Deque interface in Java with Example

The java.util.Deque interface is a subtype of the java.util.Queue interface. The Deque is related to the double-ended queue that supports addition or removal of elements from either end of the data structure, it can be used as a queue (first-in-first-out/FIFO) or as a stack (last-in-first-out/LIFO). These are faster than Stack and LinkedList.
This is the hierarchy of Deque interface in Java:

Few important features of Deque are:

  • It provides the support of resizable array and helps in restriction-free capacity, so to grow the array according to the usage.
  • Array deques prohibit the use of Null elements and do not accept any such elements.
  • Any concurrent access by multiple threads is not supported.
  • In the absence of external synchronization, Deque is not thread-safe.

Methods of Deque:

  1. add(element): Adds an element to the tail.
  2. addFirst(element): Adds an element to the head.
  3. addLast(element): Adds an element to the tail.
  4. offer(element): Adds an element to the tail and returns a boolean to explain if the insertion was successful.
  5. offerFirst(element): Adds an element to the head and returns a boolean to explain if the insertion was successful.
  6. offerLast(element): Adds an element to the tail and returns a boolean to explain if the insertion was successful.
  7. iterator(): Returna an iterator for this deque.
  8. descendingIterator(): Returns an iterator that has the reverse order for this deque.
  9. push(element): Adds an element to the head.
  10. pop(element): Removes an element from the head and returns it.
  11. removeFirst(): Removes the element at the head.
  12. removeLast(): Removes the element at the tail.
  13. poll(): Retrieves and removes the head of the queue represented by this deque (in other words, the first element of this deque), or returns null if this deque is empty.
  14. pollFirst(): Retrieves and removes the first element of this deque, or returns null if this deque is empty.
  15. pollLast(): Retrieves and removes the last element of this deque, or returns null if this deque is empty.
  16. peek(): Retrieves, but does not remove, the head of the queue represented by this deque (in other words, the first element of this deque), or returns null if this deque is empty.
  17. peekFirst(): Retrieves, but does not remove, the first element of this deque, or returns null if this deque is empty.
  18. peekLast(): Retrieves, but does not remove, the last element of this deque, or returns null if this deque is empty.

Summarizing the methods, we get:

Below program illustrates few operations of Deque interface:

// Java program to demonstrate working of
// Deque in Java
import java.util.*;

public class DequeExample
{
    public static void main(String[] args)
    {
        Deque<String> deque = new LinkedList<String>();

        // We can add elements to the queue in various ways
        deque.add("Element 1 (Tail)"); // add to tail
        deque.addFirst("Element 2 (Head)");
        deque.addLast("Element 3 (Tail)");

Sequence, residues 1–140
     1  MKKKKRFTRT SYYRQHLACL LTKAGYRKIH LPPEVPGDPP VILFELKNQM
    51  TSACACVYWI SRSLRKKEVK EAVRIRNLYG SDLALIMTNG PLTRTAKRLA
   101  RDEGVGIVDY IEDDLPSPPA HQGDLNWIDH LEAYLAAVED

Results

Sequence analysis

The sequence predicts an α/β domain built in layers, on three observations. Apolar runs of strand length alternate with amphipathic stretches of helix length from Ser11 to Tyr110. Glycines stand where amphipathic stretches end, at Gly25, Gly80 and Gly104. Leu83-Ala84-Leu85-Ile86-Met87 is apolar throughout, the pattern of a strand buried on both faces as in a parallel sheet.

deque.push("Element 4 (Head)"); //add to head
        deque.offer("Element 5 (Tail)");
        deque.offerFirst("Element 6 (Head)");
        deque.offerLast("Element 7 (Tail)");

        System.out.println(deque + "\n");

        // Iterate through the queue elements.
        System.out.println("Standard Iterator");
        Iterator iterator = deque.iterator();
        while (iterator.hasNext())
            System.out.println("\t" + iterator.next());


        // Reverse order iterator
        Iterator reverse = deque.descendingIterator();
        System.out.println("Reverse Iterator");
        while (reverse.hasNext())
            System.out.println("\t" + reverse.next());

        // Peek returns the head, without deleting
        // it from the deque
        System.out.println("Peek " + deque.peek());
        System.out.println("After peek: " + deque);

        // Pop returns the head, and removes it from
        // the deque
        System.out.println("Pop " + deque.pop());
        System.out.println("After pop: " + deque);

        // We can check if a specific element exists
        // in the deque
        System.out.println("Contains element 3: " +
                        deque.contains("Element 3 (Tail)"));

        // We can remove the first / last element.
        deque.removeFirst();
        deque.removeLast();
        System.out.println("Deque after removing " +
                            "first and last: " + deque);

    }
}
Output:

[Element 6 (Head), Element 4 (Head), Element 2 (Head), Element 1 (Tail), 
                   Element 3 (Tail), Element 5 (Tail), Element 7 (Tail)]

Standard Iterator
    Element 6 (Head)
    Element 4 (Head)
    Element 2 (Head)
    Element 1 (Tail)
    Element 3 (Tail)
    Element 5 (Tail)
    Element 7 (Tail)
Reverse Iterator
    Element 7 (Tail)
    Element 5 (Tail)
    Element 3 (Tail)
    Element 1 (Tail)
    Element 2 (Head)
    Element 4 (Head)
    Element 6 (Head)
Peek Element 6 (Head)
After peek: [Element 6 (Head), Element 4 (Head), Element 2 (Head), Element 1 (Tail), 
                               Element 3 (Tail), Element 5 (Tail), Element 7 (Tail)]
Pop Element 6 (Head)
After pop: [Element 4 (Head), Element 2 (Head), Element 1 (Tail), Element 3 (Tail), 
                                                 Element 5 (Tail), Element 7 (Tail)]
Contains element 3: true
Deque after removing first and last: [Element 2 (Head), Element 1 (Tail), 
                                                 Element 3 (Tail), Element 5 (Tail)]

Deque in Collection Hierarchy
collectionjava

This article is contributed by Pratik Agarwal. If you like GeeksforGeeks and would like to contribute, you can also write an article using contribute.geeksforgeeks.org or mail your article to contribute@geeksforgeeks.org. See your article appearing on the GeeksforGeeks main page and help other Geeks.

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